The loan system would potentially help struggling teams get out of messy salary cap situations. An example would have been Josh Reynolds at the Tigers in recent years. The joint venture was paying around $ 800,000 to play on the reserve and no other club was willing to take on his contract.
If he had been available for loan, it would have benefited Reynolds by allowing him to play as a freshman at a rival club, who would only pay the portion of his salary that they use. Former Bulldogs coach Dean Pay wanted Reynolds to join the club, but the board were reluctant to commit given his long and lucrative contract.
Four-week loan would have given the Bulldogs the opportunity to effectively use Reynolds on a trial basis
before deciding whether it would be worth signing a long-term agreement. It would also have given the Tigers the option of putting a player they didn’t want to keep in the showcase, with the clubs unwilling to take a punt on a player stuck in the reserve.
Bulldogs mainstay Jack Hetherington was loaned by Penrith to the Warriors for eight weeks last year. This saved Penrith around $ 35,000 on the salary cap as the Warriors footed the bill for his two-month stint with the club.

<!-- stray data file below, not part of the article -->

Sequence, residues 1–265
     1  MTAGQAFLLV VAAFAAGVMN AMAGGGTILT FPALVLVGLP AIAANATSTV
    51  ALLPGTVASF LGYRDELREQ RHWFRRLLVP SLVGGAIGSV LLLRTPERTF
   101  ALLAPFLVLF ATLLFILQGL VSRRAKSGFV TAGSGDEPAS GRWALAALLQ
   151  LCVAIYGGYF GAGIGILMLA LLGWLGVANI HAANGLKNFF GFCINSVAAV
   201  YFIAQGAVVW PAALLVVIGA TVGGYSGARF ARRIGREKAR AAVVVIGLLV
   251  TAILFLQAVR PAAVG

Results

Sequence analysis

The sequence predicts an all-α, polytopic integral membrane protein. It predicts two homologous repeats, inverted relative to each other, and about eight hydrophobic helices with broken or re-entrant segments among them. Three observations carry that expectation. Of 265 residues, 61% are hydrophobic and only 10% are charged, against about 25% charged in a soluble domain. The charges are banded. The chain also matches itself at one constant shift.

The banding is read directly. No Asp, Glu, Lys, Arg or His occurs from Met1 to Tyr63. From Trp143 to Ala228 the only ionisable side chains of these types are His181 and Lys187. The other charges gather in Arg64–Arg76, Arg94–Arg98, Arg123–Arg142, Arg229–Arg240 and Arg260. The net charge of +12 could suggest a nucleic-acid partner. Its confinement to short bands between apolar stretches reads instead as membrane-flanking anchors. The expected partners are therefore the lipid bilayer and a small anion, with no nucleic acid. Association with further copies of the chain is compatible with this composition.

Some would argue that if Hetherington hadn’t been able to play in the NRL, he might not have landed a contract with Canterbury for the following year.
The same can be said of Poasa Faamausili, whom the Roosters loaned to the Warriors before the mainstay managed to land a contract with St George Illawarra for 2022. The Dragons could also benefit given the uncertainty surrounding Jack de Belin, with a loan model allowing them to sign a player on a temporary basis until Belin’s case is resolved in court.
A loan system would also work in the case of Brent Naden, who plays in the reserve category because he can’t see past Stephen Crichton, Matt Burton and Paul Momirovski at the Panthers.
Penrith is reluctant to release him from the final year of his contract in case they get injured and need his services in the Finals, but a loan system would allow Naden to return when or if the Panthers needed him.
One of the considerations is to make sure that clubs don’t manipulate it to bolster their rosters for the finals when the teams are not in contention.
Discussions about a deadline have been raised, while there is also an argument that clubs should only be able to loan players if they have no other options within their squads due to a suspension or injury.
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